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Outside King Jammy’s studio in Kingston | Courtesy of Beth Lesser/Soul Jazz Records Publishing
Outside King Jammy’s studio in Kingston | Courtesy of Beth Lesser/Soul Jazz Records Publishing
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Exploring Jamaica's Early Dancehall Culture

Picture of Sheri-kae McLeod
Freelance Caribbean Writer
Updated: 30 October 2017
Dancehall is one of the most continuously referenced and influential sub-genres in music today. Emerging as a spinoff of reggae, the genre’s distinct sound, clothing and DJ-lead sound-system culture was introduced in the early ’80s and is now one of the most popular styles of music in the world.

Writer and photographer Beth Lesser traveled in Jamaica throughout the 1980s interviewing musicians, DJs and promoters. She captured images that provided an intimate look into the early local dancehall culture. The images were later published in her book Dancehall: The Rise of Jamaican Dancehall Culture in 2008. We take a trip through early dancehall culture through her lens.

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U-U Madoo outside Skateland in Kingston, Jamaica | Courtesy of Beth Lesser/Soul Jazz Records Publishing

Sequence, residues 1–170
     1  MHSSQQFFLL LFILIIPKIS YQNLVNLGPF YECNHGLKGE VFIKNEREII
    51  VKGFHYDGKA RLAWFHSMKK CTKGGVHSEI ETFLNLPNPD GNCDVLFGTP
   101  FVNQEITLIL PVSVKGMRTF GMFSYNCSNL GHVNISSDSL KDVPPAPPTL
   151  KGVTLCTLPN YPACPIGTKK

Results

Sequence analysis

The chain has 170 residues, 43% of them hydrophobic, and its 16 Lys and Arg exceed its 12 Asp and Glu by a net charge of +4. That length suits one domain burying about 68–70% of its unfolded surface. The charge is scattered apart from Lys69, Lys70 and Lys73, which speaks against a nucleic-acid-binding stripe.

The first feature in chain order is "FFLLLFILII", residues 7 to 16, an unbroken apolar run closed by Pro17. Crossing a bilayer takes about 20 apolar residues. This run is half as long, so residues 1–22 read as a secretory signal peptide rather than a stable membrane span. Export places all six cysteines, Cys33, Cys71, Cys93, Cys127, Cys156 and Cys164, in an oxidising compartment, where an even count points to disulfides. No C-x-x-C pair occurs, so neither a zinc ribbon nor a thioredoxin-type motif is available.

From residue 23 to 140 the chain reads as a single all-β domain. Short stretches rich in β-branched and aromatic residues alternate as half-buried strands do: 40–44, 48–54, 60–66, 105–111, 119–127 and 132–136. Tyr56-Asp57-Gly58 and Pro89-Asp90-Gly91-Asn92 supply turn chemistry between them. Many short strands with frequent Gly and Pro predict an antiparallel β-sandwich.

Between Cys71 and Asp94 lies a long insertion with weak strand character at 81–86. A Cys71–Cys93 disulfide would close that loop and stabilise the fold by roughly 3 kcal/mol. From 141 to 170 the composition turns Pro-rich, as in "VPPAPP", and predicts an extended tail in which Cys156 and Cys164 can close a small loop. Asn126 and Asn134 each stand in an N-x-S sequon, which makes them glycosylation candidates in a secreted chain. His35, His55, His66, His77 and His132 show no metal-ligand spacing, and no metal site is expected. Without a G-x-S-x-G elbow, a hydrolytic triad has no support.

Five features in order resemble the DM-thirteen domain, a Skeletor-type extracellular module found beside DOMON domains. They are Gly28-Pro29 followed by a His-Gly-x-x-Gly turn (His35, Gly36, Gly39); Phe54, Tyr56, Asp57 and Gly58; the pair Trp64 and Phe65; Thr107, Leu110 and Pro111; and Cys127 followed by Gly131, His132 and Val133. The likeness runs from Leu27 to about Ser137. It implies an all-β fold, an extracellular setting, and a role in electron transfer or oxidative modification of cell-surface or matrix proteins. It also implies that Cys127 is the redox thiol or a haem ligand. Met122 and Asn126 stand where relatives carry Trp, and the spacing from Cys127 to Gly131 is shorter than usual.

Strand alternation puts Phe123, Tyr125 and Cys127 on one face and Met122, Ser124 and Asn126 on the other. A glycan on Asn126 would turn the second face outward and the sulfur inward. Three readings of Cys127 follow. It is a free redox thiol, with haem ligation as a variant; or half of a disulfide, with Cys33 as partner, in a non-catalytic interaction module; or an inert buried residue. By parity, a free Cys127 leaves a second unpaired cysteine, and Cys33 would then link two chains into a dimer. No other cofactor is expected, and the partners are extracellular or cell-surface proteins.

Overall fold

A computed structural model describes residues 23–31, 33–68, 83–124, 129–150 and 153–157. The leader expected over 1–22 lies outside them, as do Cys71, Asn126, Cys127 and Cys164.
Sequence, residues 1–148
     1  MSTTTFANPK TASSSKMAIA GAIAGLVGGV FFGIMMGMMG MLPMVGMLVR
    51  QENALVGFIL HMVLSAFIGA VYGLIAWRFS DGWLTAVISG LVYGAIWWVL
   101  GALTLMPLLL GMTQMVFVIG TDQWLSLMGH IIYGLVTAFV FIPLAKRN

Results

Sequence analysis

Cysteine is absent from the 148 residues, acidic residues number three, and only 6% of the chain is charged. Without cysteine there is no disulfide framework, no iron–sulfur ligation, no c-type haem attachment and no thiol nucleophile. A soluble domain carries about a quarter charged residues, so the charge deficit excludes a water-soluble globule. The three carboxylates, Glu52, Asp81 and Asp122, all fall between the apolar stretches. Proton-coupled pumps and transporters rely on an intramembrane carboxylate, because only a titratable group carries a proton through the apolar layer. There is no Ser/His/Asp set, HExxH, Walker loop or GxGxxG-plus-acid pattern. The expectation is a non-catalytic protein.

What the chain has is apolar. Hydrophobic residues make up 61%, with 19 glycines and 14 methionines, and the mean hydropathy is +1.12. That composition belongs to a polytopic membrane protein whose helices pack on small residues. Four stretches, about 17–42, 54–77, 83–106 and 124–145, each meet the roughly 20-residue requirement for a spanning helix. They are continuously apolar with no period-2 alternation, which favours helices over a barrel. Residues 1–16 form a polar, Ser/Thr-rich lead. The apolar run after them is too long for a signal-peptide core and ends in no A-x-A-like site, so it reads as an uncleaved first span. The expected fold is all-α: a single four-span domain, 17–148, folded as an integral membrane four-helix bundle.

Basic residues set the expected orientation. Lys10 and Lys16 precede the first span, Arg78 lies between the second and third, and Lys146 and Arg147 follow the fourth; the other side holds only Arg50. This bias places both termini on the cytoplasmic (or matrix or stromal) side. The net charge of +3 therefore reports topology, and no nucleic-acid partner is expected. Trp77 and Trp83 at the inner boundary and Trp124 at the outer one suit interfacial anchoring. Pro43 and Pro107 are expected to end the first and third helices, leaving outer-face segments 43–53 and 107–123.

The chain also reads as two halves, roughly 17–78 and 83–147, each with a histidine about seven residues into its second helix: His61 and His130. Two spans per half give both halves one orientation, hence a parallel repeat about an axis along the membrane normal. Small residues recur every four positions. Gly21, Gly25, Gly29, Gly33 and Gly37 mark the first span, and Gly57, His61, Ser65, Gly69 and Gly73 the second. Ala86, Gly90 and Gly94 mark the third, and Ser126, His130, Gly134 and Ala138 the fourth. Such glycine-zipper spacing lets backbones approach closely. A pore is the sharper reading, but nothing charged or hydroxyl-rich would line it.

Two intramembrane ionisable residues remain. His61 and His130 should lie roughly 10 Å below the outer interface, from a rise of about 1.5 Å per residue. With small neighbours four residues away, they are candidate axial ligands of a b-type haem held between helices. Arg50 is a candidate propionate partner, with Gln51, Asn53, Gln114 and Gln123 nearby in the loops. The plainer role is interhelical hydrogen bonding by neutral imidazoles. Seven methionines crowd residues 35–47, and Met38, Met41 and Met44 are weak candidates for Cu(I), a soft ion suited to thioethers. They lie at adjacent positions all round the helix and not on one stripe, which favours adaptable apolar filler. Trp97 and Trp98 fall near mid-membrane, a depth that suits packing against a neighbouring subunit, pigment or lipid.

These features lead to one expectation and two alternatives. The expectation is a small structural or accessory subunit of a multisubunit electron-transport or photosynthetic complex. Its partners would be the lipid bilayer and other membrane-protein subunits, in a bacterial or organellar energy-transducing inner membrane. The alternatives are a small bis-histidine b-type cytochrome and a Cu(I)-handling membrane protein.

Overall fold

Dancehall DJs such as Yellowman, Junior Reid and Gregory Isaacs were popular in Jamaica in the 1980s. Leading the slew of new dancehall artistes, they established themselves as heavyweights of the genre and are now seen as dancehall veterans.

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Yellowman | Courtesy of Beth Lesser/Soul Jazz Records Publishing
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Junior Reid, 1985 | Courtesy of Beth Lesser/Soul Jazz Records Publishing
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Musician Gregory Isaacs in front of his African Museum store on Chancery Lane, Kingston | Courtesy of Beth Lesser/Soul Jazz Records Publishing

“You wouldn’t have known this was going on, looking at Jamaica from the perspective of Canada or the US,” Lesser notes on her website, “but when we got there, it was so huge you couldn’t possibly avoid it.”

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Eek-A-Mouse | Courtesy of Beth Lesser/Soul Jazz Records Publishing
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Major Stitch at a youth promotion dance at Sugar Minot’s House, on Robert Crescent | Courtesy of Beth Lesser

Lesser and with her partner David Kingston first got involved with reggae music and its culture when they started a fanzine in 1980 called Live Good Today, for Augustus Pablo’s organization Rockers International. The zine grew and eventually became Reggae Quarterly. As part of Beth’s duties, she took hundreds of photographs that captured the rise of dancehall culture.

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Youth Promotion Crew member, 1985 | Courtesy of Beth Lesser/Soul Jazz Records Publishing
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Outside King Jammy’s studio in Kingston | Courtesy of Beth Lesser/Soul Jazz Records Publishing
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DJ Nitty Gritty in 1985 | Courtesy of Beth Lesser/Soul Jazz Records Publishing